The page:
09/02/08 — Pilotless aircraft let the military quickly gather intelligence about hot spots without having to put pilots at risk or wait for the next imaging satellite flyover. But many tasks, both military and civilian, can be accomplished better by teams of Unmanned Aerial Vehicles (UAVs) programmed to collaborate. Multiple autonomous UAVs can cover more ground than a single plane, and with their own smarts, they demand less human attention. To develop this technology, mechanical engineering professor Karl Hedrick co-directs the Center for Collaborative Control of Unmanned Vehicles.
09/02/08 — Rex Walheim (B.S'84 ME) has a view that's literally out of this world. He's gazed at Earth from 220 miles in space. A NASA astronaut who grew up in San Carlos, California, the 45-year-old Walheim is a veteran of two shuttle missions to the International Space Station and five spacewalks. His most recent voyage, aboard the shuttle Atlantis, carried him to the space station for 12 days in February. The mission's lead space walker, Walheim helped deliver and install a $2 billion European science laboratory known as Columbus.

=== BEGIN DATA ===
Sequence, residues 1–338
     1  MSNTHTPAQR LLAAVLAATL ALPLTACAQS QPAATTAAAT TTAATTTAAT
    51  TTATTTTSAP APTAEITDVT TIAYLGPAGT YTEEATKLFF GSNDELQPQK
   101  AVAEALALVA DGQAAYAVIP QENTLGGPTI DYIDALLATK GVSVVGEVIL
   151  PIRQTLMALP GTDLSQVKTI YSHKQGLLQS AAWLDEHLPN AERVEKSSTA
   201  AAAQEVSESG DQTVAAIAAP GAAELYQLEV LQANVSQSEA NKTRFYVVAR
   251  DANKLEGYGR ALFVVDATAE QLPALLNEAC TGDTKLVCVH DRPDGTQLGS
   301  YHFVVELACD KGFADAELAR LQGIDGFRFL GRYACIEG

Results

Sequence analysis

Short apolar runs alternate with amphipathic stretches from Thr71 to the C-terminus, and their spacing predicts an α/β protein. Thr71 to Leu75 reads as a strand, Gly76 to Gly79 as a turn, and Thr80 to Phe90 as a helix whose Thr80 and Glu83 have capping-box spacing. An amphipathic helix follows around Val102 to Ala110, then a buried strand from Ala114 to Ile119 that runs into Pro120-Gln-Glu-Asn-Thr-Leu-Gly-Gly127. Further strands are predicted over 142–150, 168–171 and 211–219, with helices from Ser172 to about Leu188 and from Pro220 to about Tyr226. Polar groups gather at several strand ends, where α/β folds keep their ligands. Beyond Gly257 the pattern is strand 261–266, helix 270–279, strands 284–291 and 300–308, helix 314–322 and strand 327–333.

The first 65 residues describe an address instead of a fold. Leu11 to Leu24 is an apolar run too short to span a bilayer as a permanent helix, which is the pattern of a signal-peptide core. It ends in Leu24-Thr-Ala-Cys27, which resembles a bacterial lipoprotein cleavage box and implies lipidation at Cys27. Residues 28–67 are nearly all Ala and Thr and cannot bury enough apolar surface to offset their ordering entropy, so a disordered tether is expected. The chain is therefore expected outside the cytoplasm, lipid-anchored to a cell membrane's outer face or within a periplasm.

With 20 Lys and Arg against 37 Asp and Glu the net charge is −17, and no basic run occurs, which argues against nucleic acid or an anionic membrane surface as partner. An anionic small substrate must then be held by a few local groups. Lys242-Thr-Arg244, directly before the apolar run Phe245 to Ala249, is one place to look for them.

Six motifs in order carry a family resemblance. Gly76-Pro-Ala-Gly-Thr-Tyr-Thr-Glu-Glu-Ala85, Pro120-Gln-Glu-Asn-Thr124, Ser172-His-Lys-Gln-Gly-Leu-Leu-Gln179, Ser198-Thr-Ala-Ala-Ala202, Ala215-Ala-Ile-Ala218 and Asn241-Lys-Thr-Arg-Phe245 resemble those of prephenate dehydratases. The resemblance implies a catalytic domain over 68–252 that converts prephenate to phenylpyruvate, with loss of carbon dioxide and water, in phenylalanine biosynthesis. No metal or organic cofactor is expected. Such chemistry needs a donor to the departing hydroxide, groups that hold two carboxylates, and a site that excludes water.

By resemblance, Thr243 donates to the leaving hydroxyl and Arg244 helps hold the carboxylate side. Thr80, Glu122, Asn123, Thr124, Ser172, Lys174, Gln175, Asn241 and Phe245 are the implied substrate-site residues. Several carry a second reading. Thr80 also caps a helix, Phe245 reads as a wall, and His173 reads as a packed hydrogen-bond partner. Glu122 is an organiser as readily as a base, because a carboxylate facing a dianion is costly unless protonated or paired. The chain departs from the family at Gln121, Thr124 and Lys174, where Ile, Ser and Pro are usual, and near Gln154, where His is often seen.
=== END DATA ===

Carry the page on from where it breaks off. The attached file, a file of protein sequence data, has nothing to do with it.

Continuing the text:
09/02/08 — For the average teen, “What I Did on My Summer Vacation” doesn't normally involve building a faster supercomputer, perfecting a lab on a chip or designing a device called an optical antenna that sniffs out bomb residue. Thanks to an innovative UC Berkeley summer program, 15 high school students conducted hands-on research on these and other high-flying topics--all linked to groundbreaking nanoscale science and technology work taking place on campus. The Summer High-School Apprenticeship Research Program turns teens into bona fide scientific investigators.
08/02/08 — The topic has become a persistent one in engineering and entrepreneurial circles: Is the United States losing its technological edge? Reports like last month's “America's engineering crisis” on CNBC's Street Signs, on which I had the opportunity to appear with my esteemed colleague Jim Plummer of Stanford, fuel the perception that U.S. engineers are becoming extinct.
08/02/08 — High axial myopia, or extreme nearsightedness, is one of the world's leading causes of blindness. The condition stems from weakness in the sclera, the eyeball's white outer wall, which causes it to deform even under normal pressure within the eyeball. James Su, a graduate student researcher co-advised by MSE and Bioengineering Professor Kevin Healy and School of Optometry Professor Christine Wildsoet, is developing a promising new treatment for the condition, based on a synthetic biomaterial known as hydrogel.
08/02/08 — As a student, Chandrakant Patel (B.S.'83 ME) rode the bus every day from the low-income Graystone Hotel in San Francisco's Tenderloin, where he lived, to the verdant UC Berkeley campus, where he studied. Today, a lot has changed for Patel, now a fellow at HP Laboratories in Palo Alto, leading the charge to develop a new generation of energy-efficient data centers.